Tuesday, February 26, 2008
So, how come the peak all arise?
Actually, most oil company already produced their easy-extracted oil (shallow water field). It is easy to produce, to refine and the cost is cheaper. Then, the remaining oil is far away from the shore (deep water). It is more difficult to extract and very expensive to develop. Under these conditions, the rate of production inevitably drops. This is the point of the peak oil. Furthermore, all oil fields eventually reach a point where they become economically, and energetically, no longer viable. If it takes the energy of a barrel of oil to extract a barrel of oil, then further extraction is pointless, no matter what the price of oil. ...cont
Will The End of Oil Mean The End of America?
Saturday, February 23, 2008
Petroleum Engineers Get Top Dollar
February 21, 2008; Page B1
With energy prices soaring and oil-company ranks graying, petroleum-engineering graduates have become a hot commodity.
As a result, students are swelling the ranks of college engineering programs, positioning themselves for energy-industry jobs with salaries that make tenure-track professors envious. Top-ranking petroleum-engineering graduates this year can expect starting pay of $80,000 to $110,000, plus signing bonuses and other perks.
It is a sharp reversal from the 1990s, when students mulling career options recoiled from anything oily. Then, the memory was still fresh of the major oil bust in the mid-1980s, when the price of oil sank to $12 a barrel and tens of thousands of industry professionals lost their jobs. Between 1986 and 2000, the American petroleum industry slashed its work force 60%, according to a report by the Interstate Oil & Gas Compact Commiss
Now the industry faces another exodus -- what some call "the great crew change" -- as much of the work force approaches retirement. With oil prices booming, closing at a record $100.74 a barrel yesterday, energy stocks have fattene
d retirement accounts, tempting engineers and geoscientists to turn off their computers early to head for the golf course. (See related article.)
Oil companies recognized nearly a decade ago that they were confronting a potential work-force crisis as petroleum-engineering programs deflated across the nation. Enrollment cratered to 1,387 students nationwide in 1990 from a high of 11,014 students in 1983, according to data collected by Lloyd Heinze, a professor of petroleum engineering at Texas Tech University in Lubbock. For the next 14 years, enrollment remained under 2,000.
That led the industry to launch scholarship and training programs to lure students back to the energy fold. But in recent years, as oil-and-gas companies have sought to accommodate the world's rising thirst for oil and prices have soared they have become more desperate.
Nowadays, in the hotly competitive race to secure new engineering graduates, serious courtship begins with summer-internship programs, which identify promising students and pull them in to lucrative summer jobs as early as their freshman year.
Oklahoma City's Devon Energy Corp., which posted revenue of $11.4 billion for 2007, pays its summer interns as much as $32.50 an hour. And the students are assigned important jobs. One intern designed a $10 million project to increase production from an oil field in the Permian Basin that was approved and funded last year.
Devon continues to woo the students even after they go back to school, dispatching goody baskets with coffee and sweets during finals, says Frank Rudolph, Devon's senior vice president of human resources. "You go at them early and go at them often," he says.
As companies compete harder for each new graduating class, salary increases have almost matched the heady growth rates of oil prices. Graduates of Texas A&M University's top-ranked petroleum-engineering department received an average starting salary of $78,000 last year, up 33% in four years. Several students received signing bonuses exceeding $20,000, according to the university. And salaries have risen more this year. Texas Tech reports its 2008 graduating seniors will receive an average salary of $110,000, up 66% in four years.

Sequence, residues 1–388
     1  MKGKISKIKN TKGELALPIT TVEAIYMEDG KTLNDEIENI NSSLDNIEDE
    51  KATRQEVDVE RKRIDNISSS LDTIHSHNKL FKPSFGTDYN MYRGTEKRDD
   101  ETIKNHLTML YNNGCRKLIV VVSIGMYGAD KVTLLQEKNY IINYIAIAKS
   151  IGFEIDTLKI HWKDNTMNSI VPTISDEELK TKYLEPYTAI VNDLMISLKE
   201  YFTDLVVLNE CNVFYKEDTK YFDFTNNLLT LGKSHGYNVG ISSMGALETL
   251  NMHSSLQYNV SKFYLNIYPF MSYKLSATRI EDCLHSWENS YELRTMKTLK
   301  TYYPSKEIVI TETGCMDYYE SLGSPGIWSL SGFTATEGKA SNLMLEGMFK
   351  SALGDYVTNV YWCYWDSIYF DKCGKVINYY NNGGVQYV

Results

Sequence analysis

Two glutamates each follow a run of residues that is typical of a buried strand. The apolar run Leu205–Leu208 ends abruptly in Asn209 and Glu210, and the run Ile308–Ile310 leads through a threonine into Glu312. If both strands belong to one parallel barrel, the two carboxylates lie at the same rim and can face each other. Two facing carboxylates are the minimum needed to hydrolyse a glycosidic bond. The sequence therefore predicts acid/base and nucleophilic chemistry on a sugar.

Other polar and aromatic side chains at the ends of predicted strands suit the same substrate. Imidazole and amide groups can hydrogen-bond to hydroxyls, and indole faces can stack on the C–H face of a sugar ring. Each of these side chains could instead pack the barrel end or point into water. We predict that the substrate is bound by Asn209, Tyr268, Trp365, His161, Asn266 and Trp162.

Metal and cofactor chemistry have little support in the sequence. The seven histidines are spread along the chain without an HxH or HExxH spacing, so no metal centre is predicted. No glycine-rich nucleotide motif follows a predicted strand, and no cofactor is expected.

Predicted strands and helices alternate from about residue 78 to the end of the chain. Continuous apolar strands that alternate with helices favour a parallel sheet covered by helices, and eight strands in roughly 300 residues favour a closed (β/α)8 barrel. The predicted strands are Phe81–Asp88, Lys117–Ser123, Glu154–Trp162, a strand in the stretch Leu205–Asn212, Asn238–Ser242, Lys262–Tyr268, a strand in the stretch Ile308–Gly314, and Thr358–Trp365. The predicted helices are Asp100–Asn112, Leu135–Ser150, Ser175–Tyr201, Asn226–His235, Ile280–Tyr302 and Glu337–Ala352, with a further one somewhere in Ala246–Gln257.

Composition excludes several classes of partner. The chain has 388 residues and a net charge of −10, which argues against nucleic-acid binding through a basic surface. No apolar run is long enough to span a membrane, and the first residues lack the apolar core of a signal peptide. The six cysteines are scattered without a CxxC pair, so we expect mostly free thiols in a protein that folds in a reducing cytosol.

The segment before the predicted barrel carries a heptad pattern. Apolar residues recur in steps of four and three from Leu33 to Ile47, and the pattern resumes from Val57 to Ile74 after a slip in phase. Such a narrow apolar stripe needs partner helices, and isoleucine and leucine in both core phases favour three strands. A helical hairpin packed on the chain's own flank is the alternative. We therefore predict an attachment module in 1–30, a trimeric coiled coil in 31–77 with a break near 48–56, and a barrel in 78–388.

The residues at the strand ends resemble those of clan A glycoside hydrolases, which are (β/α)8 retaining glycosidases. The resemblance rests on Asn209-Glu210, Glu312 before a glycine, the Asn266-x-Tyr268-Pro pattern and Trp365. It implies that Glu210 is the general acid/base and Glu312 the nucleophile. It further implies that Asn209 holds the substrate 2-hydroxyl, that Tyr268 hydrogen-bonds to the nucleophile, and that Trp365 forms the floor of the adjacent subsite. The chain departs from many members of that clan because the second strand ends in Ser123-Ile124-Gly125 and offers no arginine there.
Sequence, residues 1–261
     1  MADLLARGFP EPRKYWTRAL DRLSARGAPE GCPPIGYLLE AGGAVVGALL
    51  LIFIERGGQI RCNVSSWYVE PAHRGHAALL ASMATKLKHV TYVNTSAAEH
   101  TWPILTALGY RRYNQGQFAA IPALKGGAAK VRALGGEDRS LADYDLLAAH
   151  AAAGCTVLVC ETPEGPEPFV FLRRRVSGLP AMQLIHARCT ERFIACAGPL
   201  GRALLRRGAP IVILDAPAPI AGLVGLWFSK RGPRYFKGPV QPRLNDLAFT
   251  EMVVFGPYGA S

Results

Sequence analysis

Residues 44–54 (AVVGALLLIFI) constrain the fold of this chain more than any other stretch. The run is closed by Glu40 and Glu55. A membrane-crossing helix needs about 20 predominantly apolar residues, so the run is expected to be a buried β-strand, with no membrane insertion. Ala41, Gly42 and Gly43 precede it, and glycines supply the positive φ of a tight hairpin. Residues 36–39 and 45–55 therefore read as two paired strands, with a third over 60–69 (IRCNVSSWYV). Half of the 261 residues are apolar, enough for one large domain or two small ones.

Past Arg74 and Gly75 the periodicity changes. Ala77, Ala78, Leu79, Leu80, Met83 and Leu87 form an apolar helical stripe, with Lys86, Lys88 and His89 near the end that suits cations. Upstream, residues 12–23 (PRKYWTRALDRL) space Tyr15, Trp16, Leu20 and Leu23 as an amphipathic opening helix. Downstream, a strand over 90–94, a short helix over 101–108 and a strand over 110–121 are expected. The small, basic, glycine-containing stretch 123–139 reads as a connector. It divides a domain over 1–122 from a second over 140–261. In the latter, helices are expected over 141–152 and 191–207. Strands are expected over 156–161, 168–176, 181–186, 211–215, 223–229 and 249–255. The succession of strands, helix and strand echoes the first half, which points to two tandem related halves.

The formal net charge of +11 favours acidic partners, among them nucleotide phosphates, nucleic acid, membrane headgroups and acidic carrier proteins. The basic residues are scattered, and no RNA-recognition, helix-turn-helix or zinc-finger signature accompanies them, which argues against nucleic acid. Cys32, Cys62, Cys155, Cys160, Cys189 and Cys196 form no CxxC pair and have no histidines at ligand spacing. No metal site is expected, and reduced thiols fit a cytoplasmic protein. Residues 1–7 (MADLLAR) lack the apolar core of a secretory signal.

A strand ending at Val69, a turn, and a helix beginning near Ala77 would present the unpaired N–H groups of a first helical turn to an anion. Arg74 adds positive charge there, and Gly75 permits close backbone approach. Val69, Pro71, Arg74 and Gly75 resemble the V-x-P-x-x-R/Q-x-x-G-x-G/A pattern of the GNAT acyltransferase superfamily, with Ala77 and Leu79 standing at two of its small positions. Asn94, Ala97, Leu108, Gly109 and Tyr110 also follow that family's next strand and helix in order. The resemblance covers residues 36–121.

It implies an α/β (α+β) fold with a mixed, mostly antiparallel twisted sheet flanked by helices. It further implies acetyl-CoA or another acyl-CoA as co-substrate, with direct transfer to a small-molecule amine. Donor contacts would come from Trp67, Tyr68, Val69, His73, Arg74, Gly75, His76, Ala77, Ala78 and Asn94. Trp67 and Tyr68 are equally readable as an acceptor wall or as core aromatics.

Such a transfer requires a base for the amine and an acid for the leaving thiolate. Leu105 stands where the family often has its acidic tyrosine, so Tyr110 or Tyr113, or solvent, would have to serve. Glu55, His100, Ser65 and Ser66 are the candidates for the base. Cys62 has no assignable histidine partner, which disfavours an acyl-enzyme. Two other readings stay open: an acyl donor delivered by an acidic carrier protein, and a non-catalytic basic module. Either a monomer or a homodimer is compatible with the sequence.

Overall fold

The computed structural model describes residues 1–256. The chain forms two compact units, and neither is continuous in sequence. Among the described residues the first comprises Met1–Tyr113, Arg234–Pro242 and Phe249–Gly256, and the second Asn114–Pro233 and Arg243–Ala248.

Geologists, the people who study rock formations in search of oil, also have seen their starting salaries rise. According to the American Geologic Institute, the average starting salary for a geologist fresh out of school in the current academic year is $81,300, up 48% in five years from $55,000 in 2003.
When University of Texas student Bradley Barnum chose his major in 2004, oil prices had already leapt to the $40-to-$50-a-barrel range, ushering in a new era of profitability for oil companies.
"It was a good time to get into the oil industry," says Mr. Barnum, who will graduate in May and has already accepted a job with Chevron Corp. as a production engineer in Midland, Texas. He declined to give his specific salary but said normal offers are between $80,000 and $90,000.
As petroleum-engineering salaries rise, so does the coolness factor. Students are crowding into lecture halls to learn about oil-reservoir mechanics and well drilling. An online group for students heading into oil-related careers describes itself thus: "We make the world go round, while at the same time making some huge bank."
This academic year, there are 3,710 undergraduates nationwide pursuing petroleum-engineering degrees -- twice as many as four years ago and the highest level since 1986, according to Mr. Heinze's data. Enrollment is growing so fast that universities are facing a faculty shortage, Mr. Heinze says.
Some students say they are drawn to more than just the fat salaries. "There is a problem meeting future energy needs, and the petroleum industry will be a leader in figuring out solutions to our energy problems," says Andy Dewhurst, who is wrapping up his master's in geology before joining ConocoPhillips in April. "I'm not saying we are going to save the world, but it's fun to be part of solving real-world problems."
While happy with the turnaround in attitudes, oil companies want to make sure the engineering pipeline stays full. Last year, Exxon Mobil Corp. made the biggest philanthropic gift in its history: $125 million to launch a national initiative to encourage math-and-science education. And oil companies put up $200,500 to fund a new petroleum-exploration academy starting this fall at a science magnet high school in Houston. Students will receive laptops and be assigned industry mentors.
One advantage for the oil companies: Today's students are too young to remember the bad times. Mr. Barnum, the University of Texas student, was born in 1986, the same year the oil industry entered its steep downturn.
"I think for my foreseeable career it's going to be good," he says, though he does add, "I guess they say that every boom."
Thursday, February 21, 2008